The province has released guidelines on how to celebrate the holidays safely during the pandemic.
The province has released guidelines on how to celebrate the holidays safely during the pandemic.

Holiday guidelines released as 13 more cases hit region

Stephen Jeffery
EAP
There will be no sitting on Santa’s lap this year and celebrations with multiple households have been discouraged under the province’s holiday season COVID guidelines.

The provincial government released guidelines for the holidays on Wednesday, one month before Christmas. Eastern Ontario Health Unit (EOHU) Medical Officer of Health, Dr. Paul Roumeliotis, said local health officials would release addition guidelines in the coming days. He urged families to restrict in-person celebrations to members of their household, and encouraged virtual connections with others.

The provincial guidelines included a list of safe holiday activities, including outdoor activities with your household, attending a drive-in or drive-through event, lighting a menorah, putting up lights around the house, and donating to food or toy drives. Riskier activities included in person gatherings where masks would need to be removed to eat or drink, having guests or friends around for sleepovers, visiting family and friends for non-essential reasons, and travelling from higher transmission areas to regions with lower transmission rates.

Children could still visit Santa Claus, but sitting on his lap would not be allowed this year. Instead, visiting him outdoors and taking photos while at least two metres apart was encouraged.

While active cases remained relatively stable in the region, Dr. Roumeliotis warned the holidays brought new challenges to containing the pandemic. One hundred cases were active in the region as of Wednesday afternoon, while the seven day rolling average of new cases had risen slightly to 13.2 cases per 100,000 people. Ten of the 13 new cases reported in the EOHU area on Wednesday came from Prescott-Russell communities.

“The less people get together, the better,” he said. “The less people get together, the less the virus will be in the community, and then the less the virus will have a chance to go into the long term care facilities where we’ve seen devastating effects. We want to protect those vulnerable populations, it’s very important.”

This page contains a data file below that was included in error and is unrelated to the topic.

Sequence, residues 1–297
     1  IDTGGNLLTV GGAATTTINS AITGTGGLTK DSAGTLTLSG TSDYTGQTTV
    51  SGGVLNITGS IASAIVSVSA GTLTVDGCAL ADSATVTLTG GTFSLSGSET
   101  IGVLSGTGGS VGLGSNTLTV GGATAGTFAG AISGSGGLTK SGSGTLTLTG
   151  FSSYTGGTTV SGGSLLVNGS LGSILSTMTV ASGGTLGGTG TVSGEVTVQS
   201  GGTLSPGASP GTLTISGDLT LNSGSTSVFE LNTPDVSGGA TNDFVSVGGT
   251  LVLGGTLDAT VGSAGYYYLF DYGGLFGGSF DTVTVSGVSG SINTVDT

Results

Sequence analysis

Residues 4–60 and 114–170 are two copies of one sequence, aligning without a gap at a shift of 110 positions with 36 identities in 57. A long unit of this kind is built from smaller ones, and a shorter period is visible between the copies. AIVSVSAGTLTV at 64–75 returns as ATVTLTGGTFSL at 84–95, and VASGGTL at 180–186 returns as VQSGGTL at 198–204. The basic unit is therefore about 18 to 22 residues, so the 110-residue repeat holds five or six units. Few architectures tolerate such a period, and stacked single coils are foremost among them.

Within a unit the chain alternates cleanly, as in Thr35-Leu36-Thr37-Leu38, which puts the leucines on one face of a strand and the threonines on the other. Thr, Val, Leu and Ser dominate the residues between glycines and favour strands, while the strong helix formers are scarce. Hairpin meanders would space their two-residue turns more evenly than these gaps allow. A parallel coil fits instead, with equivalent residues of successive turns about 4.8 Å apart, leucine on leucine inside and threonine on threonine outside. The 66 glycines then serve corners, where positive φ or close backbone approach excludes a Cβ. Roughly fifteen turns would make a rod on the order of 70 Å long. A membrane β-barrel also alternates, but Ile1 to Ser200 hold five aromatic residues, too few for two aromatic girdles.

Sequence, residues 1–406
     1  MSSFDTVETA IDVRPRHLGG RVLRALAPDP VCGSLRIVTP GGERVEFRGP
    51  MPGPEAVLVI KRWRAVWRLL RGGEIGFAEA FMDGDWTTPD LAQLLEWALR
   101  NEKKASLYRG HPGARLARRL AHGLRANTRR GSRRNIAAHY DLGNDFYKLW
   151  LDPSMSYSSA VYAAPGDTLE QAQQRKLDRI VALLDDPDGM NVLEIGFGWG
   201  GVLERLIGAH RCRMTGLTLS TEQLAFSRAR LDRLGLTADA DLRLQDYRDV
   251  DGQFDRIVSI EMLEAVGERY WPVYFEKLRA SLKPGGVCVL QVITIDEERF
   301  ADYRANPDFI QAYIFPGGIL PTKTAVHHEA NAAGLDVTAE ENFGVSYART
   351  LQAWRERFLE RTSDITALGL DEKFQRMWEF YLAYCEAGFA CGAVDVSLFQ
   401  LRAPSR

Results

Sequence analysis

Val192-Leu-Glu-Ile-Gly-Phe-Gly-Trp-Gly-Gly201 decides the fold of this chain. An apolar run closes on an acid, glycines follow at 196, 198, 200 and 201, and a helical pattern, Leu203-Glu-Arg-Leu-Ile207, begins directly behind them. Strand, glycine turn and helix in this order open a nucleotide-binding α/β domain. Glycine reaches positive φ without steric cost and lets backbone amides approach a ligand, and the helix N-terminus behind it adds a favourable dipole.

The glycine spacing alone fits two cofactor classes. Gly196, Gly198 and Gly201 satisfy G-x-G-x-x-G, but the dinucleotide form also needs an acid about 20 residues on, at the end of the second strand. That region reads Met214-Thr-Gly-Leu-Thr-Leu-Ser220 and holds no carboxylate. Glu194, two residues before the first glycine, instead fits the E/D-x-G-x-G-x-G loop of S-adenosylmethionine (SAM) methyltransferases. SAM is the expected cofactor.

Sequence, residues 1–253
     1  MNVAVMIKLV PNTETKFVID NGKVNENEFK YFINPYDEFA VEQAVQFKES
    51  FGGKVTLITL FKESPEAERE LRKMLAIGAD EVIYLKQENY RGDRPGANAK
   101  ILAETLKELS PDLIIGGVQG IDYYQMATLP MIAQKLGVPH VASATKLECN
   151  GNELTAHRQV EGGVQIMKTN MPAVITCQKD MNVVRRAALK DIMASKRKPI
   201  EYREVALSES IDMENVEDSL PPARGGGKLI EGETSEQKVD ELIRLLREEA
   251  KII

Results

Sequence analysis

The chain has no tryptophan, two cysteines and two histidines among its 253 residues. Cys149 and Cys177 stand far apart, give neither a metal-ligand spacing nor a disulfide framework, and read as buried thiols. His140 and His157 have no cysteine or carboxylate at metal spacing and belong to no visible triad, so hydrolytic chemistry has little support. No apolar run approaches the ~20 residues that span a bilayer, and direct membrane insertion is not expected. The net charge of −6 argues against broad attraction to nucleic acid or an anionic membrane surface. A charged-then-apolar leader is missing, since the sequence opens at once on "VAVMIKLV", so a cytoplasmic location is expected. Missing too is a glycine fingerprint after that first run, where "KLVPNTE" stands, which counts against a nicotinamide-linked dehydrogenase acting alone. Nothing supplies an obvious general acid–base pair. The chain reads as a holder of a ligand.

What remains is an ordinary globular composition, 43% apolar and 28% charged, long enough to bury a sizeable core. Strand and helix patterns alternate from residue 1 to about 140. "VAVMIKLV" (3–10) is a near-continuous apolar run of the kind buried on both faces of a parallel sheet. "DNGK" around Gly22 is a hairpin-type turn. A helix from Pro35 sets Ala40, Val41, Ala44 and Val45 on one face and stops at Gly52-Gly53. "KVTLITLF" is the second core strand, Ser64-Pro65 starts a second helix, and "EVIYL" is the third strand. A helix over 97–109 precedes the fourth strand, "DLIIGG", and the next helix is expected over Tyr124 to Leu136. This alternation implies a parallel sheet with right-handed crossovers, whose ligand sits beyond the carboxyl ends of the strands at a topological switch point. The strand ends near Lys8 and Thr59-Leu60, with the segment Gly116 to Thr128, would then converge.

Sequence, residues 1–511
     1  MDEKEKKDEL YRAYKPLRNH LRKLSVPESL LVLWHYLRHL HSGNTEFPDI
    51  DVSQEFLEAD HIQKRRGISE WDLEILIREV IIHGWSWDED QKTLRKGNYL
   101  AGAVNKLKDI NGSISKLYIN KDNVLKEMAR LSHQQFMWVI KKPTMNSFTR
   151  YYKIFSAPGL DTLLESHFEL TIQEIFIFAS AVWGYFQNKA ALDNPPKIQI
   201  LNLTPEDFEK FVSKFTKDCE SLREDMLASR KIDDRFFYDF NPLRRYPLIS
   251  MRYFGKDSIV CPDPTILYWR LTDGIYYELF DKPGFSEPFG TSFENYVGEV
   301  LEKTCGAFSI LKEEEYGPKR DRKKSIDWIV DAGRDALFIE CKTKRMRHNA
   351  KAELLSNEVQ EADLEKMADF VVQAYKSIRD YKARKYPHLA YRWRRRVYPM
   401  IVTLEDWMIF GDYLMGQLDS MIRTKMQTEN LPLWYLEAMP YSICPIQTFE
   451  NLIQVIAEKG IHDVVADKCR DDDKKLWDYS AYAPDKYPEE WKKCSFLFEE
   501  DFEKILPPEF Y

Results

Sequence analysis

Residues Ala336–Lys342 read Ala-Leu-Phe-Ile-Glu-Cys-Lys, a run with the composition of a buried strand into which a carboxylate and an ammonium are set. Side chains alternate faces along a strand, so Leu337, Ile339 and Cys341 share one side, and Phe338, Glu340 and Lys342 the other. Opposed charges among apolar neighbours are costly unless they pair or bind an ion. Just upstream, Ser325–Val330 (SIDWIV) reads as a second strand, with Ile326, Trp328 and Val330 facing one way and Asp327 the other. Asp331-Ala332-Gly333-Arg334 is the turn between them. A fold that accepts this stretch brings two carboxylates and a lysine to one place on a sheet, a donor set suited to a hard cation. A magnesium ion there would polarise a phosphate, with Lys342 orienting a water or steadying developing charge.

Outbreaks

One resident died and another five tested positive for COVID-19 at the Prescott and Russell Residence in Hawkesbury after another round of testing at the long term care home. The death was the fourteenth due to COVID at the home since the outbreak began. Seventy-five of the 109 resident cases have been resolved, while 63 of the 67 staff cases have been resolved after one new employee tested positive.

An outbreak will be declared at the temporarily-closed École élémentaire catholique de Casselman Pavillon Sainte Euphémie after two more people tested positive. The school was closed on Friday for two weeks after an employee who had accessed multiple classrooms tested positive. Dr. Roumeliotis said most of the students at the school had been tested, but some results were pending.

There had been no change at the Russell Meadows Retirement Home outbreak, where another round of testing came back with no new cases over the weekend. The outbreak was first declared at the home on November 12.

The region

Of the 100 active cases in the region on Wednesday, 48 were from Prescott-Russell communities including:

  • 22  in Hawkesbury;
  • 7 in Russell;
  • 6 in Champlain;
  • 6 in Clarence-Rockland;
  • 4 in The Nation;
  • 3 in Casselman, and;
  • 0 in Eastern Hawkesbury and Alfred-Plantagenet.

Another EOHU media briefing is expected on Friday.